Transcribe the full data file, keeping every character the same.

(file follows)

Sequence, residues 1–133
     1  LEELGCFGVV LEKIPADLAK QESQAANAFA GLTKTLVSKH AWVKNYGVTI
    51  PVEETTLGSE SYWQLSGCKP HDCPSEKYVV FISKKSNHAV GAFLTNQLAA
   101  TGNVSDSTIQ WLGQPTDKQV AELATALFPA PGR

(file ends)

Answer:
Sequence, residues 1–133
     1  LEELGCFGVV LEKIPADLAK QESQAANAFA GLTKTLVSKH AWVKNYGVTI
    51  PVEETTLGSE SYWQLSGCKP HDCPSEKYVV FISKKSNHAV GAFLTNQLAA
   101  TGNVSDSTIQ WLGQPTDKQV AELATALFPA PGR